ArtsAutosBooksBusinessEducationEntertainmentFamilyFashionFoodGamesGenderHealthHolidaysHomeHubPagesPersonal FinancePetsPoliticsReligionSportsTechnologyTravel

Why it's Hard to Get and Keep a Job

Updated on May 1, 2015
social thoughts profile image

I have a B.A. in English with a minor in Gender and Sexuality Studies. I've been a Goth since age fourteen, and a Pagan since age fifteen.

How many of us on Hub Pages have English degrees, but have yet to have a job; unless, it's freelance? I would imagine a lot, considering my articles on employment and education receive responses from those in similar situations. If you're like me, you may be thinking an office job would be perfect. If not, here's why I always thought it would be: Writers know how to use Microsoft Office. Programs like these are part of our everyday lives. Organizing things? Anyone who has had to organize content for themselves or someone else in a written work knows how to organize like a boss! Answering phones? That's easy! How hard could this office job stuff be?


Learning a new job can be a lot like Charlie Chaplin in Modern Times; only, instead of doing a single task over and over, we're learning new tasks all of the time while expected to memorize them, right away. So, who does this benefit? The company. If they can find someone to replace us, as soon as they discover our brains don't work like computers, they can save money by firing us.

Have you seen "Modern Times?"

See results

I have only had a few jobs. That isn't because there is something lacking in me; it's because I have only felt comfortable in a few of them—which is why I have been with one, in particular, for close to eight years. When I first started, I felt worried that I would be fired because certain parts of it were going way over my head, but I kept on trying. Now, I am the best at that particular task. Over a short period of time, I began learning other responsibilities, and was succeeding with those.

I am capable of learning, but it takes time. I used to think it was unusual, and because of my learning disability (to read the article on my learning challenges, please click here), but the majority of new co-workers have shown the same difficulties until they finally feel in control; therefore, how long does it usually take an average new employee to learn how to perform in a corporate environment?

When I attempted to work for another company, paying minimum wage, I thought it would be interesting to learn something new. What I found was there were only so many duties, yet a lot less time is given to learn them, even if the worker is in new territory. How can this be? I found myself more exhausted from standing there, performing the same few roles for four to six hours, than doing multiple parts of the job which involved running around. I did master it, but had to quit because of conflict with the time needed to complete my college assignments. It still makes me wonder: why does a much larger company, that can replace anyone at any time, make it so difficult for one person to get their other affairs in order when they still have time to work?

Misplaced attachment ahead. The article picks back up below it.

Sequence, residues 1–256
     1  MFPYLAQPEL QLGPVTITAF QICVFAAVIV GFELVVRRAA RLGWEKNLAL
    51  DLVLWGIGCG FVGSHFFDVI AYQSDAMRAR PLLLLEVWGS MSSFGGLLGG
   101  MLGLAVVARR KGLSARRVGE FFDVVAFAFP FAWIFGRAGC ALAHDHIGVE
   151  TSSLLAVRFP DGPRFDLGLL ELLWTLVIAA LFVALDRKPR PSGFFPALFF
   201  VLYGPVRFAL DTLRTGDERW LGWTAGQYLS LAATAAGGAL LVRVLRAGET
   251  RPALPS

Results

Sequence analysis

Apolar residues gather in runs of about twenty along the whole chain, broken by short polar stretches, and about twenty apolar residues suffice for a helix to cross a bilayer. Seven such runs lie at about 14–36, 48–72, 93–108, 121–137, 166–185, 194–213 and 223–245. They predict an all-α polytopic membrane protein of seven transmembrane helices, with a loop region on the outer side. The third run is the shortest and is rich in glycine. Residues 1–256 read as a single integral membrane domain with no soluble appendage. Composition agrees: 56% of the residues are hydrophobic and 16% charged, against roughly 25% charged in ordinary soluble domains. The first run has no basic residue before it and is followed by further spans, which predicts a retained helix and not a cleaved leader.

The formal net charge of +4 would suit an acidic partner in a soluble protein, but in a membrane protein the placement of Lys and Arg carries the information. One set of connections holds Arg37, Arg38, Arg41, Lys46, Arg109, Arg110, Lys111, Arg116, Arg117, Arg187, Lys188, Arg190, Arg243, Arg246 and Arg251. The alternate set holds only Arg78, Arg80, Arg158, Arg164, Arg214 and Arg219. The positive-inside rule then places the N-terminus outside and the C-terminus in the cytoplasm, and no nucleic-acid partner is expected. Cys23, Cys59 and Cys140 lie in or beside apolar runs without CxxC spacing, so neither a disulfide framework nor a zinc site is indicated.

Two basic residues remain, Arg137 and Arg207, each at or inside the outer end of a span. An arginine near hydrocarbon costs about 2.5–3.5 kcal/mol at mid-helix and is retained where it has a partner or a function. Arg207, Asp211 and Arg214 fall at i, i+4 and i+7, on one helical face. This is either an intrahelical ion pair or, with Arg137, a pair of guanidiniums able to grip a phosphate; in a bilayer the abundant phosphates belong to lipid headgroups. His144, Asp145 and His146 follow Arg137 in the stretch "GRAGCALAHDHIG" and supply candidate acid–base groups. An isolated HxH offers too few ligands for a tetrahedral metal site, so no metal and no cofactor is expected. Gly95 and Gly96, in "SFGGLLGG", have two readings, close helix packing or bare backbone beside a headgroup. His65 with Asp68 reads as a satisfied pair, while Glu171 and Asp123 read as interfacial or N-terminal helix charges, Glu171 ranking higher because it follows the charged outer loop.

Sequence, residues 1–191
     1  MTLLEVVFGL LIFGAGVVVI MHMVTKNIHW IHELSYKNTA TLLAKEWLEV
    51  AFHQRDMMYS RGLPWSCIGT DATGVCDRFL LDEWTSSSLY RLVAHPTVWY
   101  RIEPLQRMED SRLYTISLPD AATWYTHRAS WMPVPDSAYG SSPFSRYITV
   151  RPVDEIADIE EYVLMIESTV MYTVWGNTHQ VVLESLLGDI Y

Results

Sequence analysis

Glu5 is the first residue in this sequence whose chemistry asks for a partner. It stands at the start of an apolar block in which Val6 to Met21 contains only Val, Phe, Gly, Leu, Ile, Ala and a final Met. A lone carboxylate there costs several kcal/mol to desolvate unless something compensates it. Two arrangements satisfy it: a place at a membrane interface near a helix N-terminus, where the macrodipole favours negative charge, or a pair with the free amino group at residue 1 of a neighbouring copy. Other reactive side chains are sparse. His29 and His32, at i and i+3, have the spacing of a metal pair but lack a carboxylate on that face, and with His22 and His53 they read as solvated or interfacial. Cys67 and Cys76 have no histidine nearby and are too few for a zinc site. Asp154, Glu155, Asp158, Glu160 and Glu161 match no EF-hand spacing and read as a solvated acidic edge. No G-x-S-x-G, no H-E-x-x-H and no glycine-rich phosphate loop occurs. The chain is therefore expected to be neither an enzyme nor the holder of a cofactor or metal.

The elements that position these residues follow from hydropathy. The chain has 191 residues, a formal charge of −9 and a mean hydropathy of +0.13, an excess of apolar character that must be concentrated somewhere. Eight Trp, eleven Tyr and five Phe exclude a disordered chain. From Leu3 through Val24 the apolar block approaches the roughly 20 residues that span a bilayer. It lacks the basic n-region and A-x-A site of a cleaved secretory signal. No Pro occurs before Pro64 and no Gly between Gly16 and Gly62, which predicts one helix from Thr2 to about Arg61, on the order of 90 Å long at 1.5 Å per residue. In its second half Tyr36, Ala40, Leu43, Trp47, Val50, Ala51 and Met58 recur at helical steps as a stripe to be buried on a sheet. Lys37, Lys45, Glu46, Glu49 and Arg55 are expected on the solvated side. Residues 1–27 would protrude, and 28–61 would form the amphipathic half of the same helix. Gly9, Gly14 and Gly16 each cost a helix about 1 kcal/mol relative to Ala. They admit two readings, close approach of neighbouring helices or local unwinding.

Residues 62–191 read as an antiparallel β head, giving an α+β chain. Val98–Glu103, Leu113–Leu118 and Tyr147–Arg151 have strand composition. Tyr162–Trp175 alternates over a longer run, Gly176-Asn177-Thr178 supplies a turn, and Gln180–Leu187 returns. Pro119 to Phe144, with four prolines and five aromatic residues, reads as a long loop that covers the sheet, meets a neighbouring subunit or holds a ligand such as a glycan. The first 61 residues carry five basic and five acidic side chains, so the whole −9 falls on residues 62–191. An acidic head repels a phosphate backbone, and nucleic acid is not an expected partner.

As a college grad, it has been impossible to find a job I can perform, even with all of the education I acquired. I have already written about my opinion of employers' expectations of experience over education. I never understood why so many potential employers have perceived my lack of experience in an office to be so significant. I know how to perform the functions, but in a different environment. Have I spoken to customers on the phone? Yes. Have I used a computer for basic things like email? Yes.

How often have you felt uncomfortable from pressure to learn new things quickly as a new employee?

See results

Recently, when I was given a chance, I really wasn't. It was more of a test, if anything. How little could I be told about how to do what was asked of me, and still succeed? I was advised to ask questions rather than to stare at the project in front of me. That sounds good, right? So, I did; unfortunately, rather than receive an answer, I was either given the silent treatment, stared at with emotionless eyes, or my favorite was being told, "You're killing me." How often is this the experience of one's first day in an office? Ah, finally, my childhood dream—yes, seriously, I used to play office when I was younger—coming true with a new employer who would rather give me looks like I'm an idiot just for asking for clarification than simply train me.

After countless experiences of being ignored over the past two years for my resume, I was being treated just as poorly as had I simply been rejected for this position. Why wasn't I being trained in a serious manner? Was it that they don't have enough time to train, but they have enough time to look for replacements for people who don't satisfy them within a few weeks?

Yes, I was replacing someone who had only worked there for a few weeks. One can imagine my anxiety over how long it can take me to learn, no matter how skilled I can become, and what work I can accomplish, once I master a position as I did for the job I've worked for over the past eight years.

This must be a virtue in business: Train people poorly and quickly; if they don't pick it up in the time you expect, replace them with someone else until you find someone perfect. Meanwhile, chances are that the people who can handle this type of pressure know better than to work for someone who sees them as nothing more than a machine; therefore, they will quit, so they can work for a company that takes the time to help new employees learn their business.